2009-06-20 / Top News

Brunch Celebrates Mackinac Island History and Ties With Scotland

By Jane Alexander

Patrick Sinclair's Irish Pub honored the history of Mackinac Island during the Lilac Festival with Sunday Lybster Brunches.

"It's a nice way to teach people a little about the Island's history during the Lilac Festival," said Mary McGuire Slevin, director of the tourism bureau.

The pub is named for British Lieutenant Governor Patrick Sinclair, who ordered Fort Michilimackinac (in presentday Mackinaw City) be moved to Mackinac Island in response to the growing threat of American forces during the American Revolution.

The Lybster brunches, June 7 and June 14, were named in honor of the town in which Patrick Sinclair was born, Lybster (pronounced lib-ster), Scotland.

Lybster is also widely believed to be the "sister city" of Mackinac Island. In fact, there is no formal agreement between the towns, according to the Mackinac Island State Park Commission. Individuals from Lybster came to the Island in the 1980s, the commission reported, and formed an unofficial understanding with Fort Mackinac, rather than the town itself.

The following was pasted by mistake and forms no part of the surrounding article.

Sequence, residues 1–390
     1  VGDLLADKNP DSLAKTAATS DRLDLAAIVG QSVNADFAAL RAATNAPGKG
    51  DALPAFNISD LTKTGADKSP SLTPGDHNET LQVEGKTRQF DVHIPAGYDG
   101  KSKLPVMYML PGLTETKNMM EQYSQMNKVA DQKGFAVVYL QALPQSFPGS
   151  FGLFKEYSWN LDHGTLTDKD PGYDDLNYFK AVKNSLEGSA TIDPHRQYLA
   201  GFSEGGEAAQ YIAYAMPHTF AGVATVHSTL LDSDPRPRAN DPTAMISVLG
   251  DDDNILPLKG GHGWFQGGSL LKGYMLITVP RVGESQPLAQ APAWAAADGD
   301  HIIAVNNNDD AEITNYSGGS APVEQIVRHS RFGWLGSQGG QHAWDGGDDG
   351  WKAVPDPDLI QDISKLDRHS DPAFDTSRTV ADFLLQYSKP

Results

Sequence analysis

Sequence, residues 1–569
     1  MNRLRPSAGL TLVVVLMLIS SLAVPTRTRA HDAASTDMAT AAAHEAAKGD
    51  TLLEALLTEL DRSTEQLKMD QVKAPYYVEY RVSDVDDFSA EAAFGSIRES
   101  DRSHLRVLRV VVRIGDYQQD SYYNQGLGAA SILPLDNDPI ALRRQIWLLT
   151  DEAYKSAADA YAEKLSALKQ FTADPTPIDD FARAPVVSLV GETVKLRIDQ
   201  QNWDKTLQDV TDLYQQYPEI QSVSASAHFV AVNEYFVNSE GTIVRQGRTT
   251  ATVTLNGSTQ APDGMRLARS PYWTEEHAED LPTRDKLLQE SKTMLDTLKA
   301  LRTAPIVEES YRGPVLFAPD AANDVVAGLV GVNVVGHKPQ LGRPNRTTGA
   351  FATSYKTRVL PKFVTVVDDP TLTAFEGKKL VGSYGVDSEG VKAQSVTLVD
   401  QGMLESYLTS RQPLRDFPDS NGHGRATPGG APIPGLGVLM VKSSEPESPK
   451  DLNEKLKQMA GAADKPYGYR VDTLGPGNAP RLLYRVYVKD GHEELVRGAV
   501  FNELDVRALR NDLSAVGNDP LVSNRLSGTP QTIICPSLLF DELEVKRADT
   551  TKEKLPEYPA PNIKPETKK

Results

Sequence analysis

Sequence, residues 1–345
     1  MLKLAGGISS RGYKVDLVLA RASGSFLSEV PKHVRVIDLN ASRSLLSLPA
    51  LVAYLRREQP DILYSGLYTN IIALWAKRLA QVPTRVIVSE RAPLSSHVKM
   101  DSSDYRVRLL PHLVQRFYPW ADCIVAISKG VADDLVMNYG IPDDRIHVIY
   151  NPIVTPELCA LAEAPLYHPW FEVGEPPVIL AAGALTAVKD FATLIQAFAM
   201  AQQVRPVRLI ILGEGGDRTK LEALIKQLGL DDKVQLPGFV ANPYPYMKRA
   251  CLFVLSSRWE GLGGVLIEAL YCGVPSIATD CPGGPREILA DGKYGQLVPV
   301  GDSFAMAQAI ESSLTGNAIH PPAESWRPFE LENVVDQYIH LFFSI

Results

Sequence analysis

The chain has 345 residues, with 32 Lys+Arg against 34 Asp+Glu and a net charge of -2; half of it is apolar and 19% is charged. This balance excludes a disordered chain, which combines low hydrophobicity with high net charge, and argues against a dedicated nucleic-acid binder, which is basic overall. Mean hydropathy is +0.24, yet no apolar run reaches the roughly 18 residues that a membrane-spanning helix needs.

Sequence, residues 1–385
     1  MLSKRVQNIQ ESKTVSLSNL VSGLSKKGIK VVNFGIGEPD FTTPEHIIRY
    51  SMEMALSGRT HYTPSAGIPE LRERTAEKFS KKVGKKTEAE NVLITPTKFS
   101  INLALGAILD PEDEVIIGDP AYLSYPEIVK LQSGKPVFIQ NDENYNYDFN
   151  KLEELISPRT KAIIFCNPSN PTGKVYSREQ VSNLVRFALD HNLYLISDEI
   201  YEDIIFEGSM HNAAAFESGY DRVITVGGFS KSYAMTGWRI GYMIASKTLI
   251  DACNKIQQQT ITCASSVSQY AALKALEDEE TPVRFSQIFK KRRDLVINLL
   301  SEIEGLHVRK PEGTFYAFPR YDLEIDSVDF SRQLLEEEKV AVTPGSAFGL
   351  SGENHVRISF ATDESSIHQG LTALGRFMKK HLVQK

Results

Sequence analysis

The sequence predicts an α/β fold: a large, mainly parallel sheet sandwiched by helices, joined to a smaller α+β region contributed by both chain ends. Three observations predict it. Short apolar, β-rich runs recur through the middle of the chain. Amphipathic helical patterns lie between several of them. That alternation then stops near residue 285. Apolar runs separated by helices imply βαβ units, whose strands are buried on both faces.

Fort Mackinac does not make any note of the agreement, but there is a sign in Lybster reading, "Lybster Twinned with Fort Mackinac U.S.A."

The brunch is a way to honor the history of Mackinac Island, and many residents turned out in support. According to waitress Kristi Thompson, one couple attended the event dressed in traditional Scottish clothing. They displayed a card, she said, explaining their Scottish titles of "laird," or lord, and lady. According to Scottish law, any legal landowner is considered a laird or lady. The couple said they own two square feet of Scottish land.

Lybster is a harbor town in northern Scotland. It is best known, historically, for its vast exports of herring during the early 1800s. Here, it is also remembered as the birthplace of an important person in Mackinac Island's history.

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